Welcome Visitor: Login to the siteJoin the site


Working late is never a good thing. Exspecially when you realize you're not alone...


Submitted:Mar 11, 2009    Reads: 85    Comments: 1    Likes: 1   


My computer blinked angrily at me as the screensaver flickered on, casting the dark room in an eerie glow. I cursed silenty. Three hours I had been working on my boss's finance report, and I was nowhere near finished. The black hallway loomed ouside the office's glass partition, like an evil beast, waiting to consume me. Spooked, I stared expectly into that darkness, but of course, nothing was there.

Only me. I was the only living thing in that place -- not counting my boss's lovely fish swimming slowly throught the murky water on my desk - - and that simple fact did not provide much comfort. I shivered and plunkered at the keys slowly, resisting the urge to pass out. My eyelids were wieghted down by sheer exhaustion. My hands kept missing the correct keys. I fought ruthlessly with the need to sleep, but it was all too obvious that I was pathetically losing. Finally, my face met the cool wood of the desk, and with a sigh of relief, I sunk into a deep slumber.

Only to be rudely awakened.

The sound had come from down the hall. Short and muffled, it could have been mistaken for the air conditioner kicking on, or the halting of a clock's gentle ticking. But no. It was all too...human.

Shaking myself awake, I contemplated a choice of action. Forgetting about it seemed logical enough, and so convienant. Leaving the possible dangers of the office and going home seemed an even better idea. But I, in my complete and utter stupidity and curiousity felt that investigating the noise would be such a more worthwhile alternative. I reached for the iron paperwieght on my desk and peeked out into the hallway. I could see absolutely nothing.

Still, I tiptoed a few steps to the light switches, and carefully flicked them all to 'on'. Nothing happened. The lights did not flicker on like I had expected. The hallways remained uninviting and hauntingly black. I peeked in at my computer. It was still on full power, the screensaver sending different pictures across the screen. So, the power is not out, I thought, intriqued.

Even then, the thought of turning around, grabbing my keys, and making a run for the door did not cross my mind. That would be too safe, too easy, too smart.

Carefully, I made my way down the North hallway, the dense obscurity pushing in around me. I could vaquely make out closed doors along the walls. The building was once again silent, and the air stagnant. Unconsciencely, my breathing had become fast and shallow. I stopped for a moment to calm down.

Looking behind me, I could still make out the dim light of my computer, but it was fading. A few steps further and the darkness would swallow it up completely. I turned back around and noticed the outline of an open door just ahead.

That's wierd, I thought. Everyone was supposed to close and lock their office doors when they left. I swiftly made my way to the open door, careful to not make a sound, and peered inside. The paperwieght dropped from my hand with a dull thud.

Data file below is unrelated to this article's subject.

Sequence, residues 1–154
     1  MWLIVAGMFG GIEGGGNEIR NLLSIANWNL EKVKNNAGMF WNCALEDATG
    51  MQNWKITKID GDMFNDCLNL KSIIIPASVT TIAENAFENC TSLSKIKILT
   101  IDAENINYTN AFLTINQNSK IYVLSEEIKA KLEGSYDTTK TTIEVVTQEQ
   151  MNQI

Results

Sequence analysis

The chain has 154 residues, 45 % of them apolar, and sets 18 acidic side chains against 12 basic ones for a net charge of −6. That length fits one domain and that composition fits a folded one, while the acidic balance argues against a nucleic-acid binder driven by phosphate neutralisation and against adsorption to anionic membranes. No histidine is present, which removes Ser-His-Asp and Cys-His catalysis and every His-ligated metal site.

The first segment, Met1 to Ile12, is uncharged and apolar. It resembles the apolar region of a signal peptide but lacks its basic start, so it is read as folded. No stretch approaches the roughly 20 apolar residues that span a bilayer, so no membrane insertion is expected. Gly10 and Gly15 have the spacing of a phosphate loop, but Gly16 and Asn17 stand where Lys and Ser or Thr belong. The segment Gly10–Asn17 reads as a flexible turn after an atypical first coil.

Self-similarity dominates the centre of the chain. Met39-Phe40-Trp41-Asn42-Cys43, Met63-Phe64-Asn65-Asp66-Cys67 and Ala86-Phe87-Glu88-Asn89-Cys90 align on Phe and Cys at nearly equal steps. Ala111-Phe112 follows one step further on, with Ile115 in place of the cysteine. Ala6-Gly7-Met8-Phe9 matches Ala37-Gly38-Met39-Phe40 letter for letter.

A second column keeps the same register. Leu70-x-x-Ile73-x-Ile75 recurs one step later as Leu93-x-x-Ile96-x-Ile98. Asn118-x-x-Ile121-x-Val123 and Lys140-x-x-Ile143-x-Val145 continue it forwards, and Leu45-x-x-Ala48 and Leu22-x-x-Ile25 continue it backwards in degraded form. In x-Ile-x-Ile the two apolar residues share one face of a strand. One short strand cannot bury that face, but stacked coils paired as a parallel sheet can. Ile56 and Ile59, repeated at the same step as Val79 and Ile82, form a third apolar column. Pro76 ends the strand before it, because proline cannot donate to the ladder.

I screamed.

The window was open, letting in a powerful wind that had wreaked havoc on the stacks of papers that were now covering the room. The full moon cast it's light through the window, illuminating the body lying sprawled out on the floor. Blood seeped around the body, staining the sheets of paper and the pale blue carpet.

I attempted to regain control of my insticts and bravely crossed the office to check his pulse. There was no heart beat beneath my fingertips. He was dead.

Taking in his navy blue uniform and the trashbag lying next to him, I inferred that he was a janitor. Must have been working late, like me, I thought, frightened. A chill went through me. I tried to convince myself that it wasn't the dead body, but the cold wind that sent the shivers up and down my spine.

I got up and walked over to the window. Before closing it, I realized that there was a string tied to the sill. A shadow crossed the room as something glided across the sky. I looked out and noticed a kite flying lazily in the wind. It was white, pure and innocent. However, on the fabric, written in red -- blood,I assumed-- were the words

Wanna Play?

My heart caught in my throat. This wasn't a joke. This was a murder. Someone was dead. Whoever did it was some sick psycho. And he was still in the building.

I crossed the room in one quick stride and picked up the phone. No dial tone. I pulled on the cord and suddenly held the frayed end of a wire in my hand. I reached for my cell phone, and then remembered that I had left it on my desk.

My heart beating angrily, I peeked out the door in the direction of my office. Darkness.

My computer had been shut off.

Resisting the urge to cry, I shuffled back in the room and looked at my surroundings. There had to be something. Something i could use. The moonlight glistened off of something on the janitor's belt. There his keys hung haphazardly. Two seconds later they were in my hand.

I peered across the hallway and barely made out the number on the door across from me. 418. I found the key with that same number and grasped it tightly. I jolted across the dark abyss and pushed the keys into the lock. The jangling of the keys brought my heart to my throat. I turned the key with shaking hands. A sound coming from my office distracted me for a second. A footstep.

I turned the keys harder and heard the lock click. Another footstep sounded from down the hall. Then another.

Pushing with all my might, I flung the door open. Now the footstwps were faster, louder. I pulled at the keys. They were stuck. The footsteps weren't that far away now. I heard a chuckle. I pulled again.

This time the keys came free, just in time to see a tall shadow standing in the doorway. I saw the glow of his eyes and the gleam of his teeth, right before I slammed the door shut.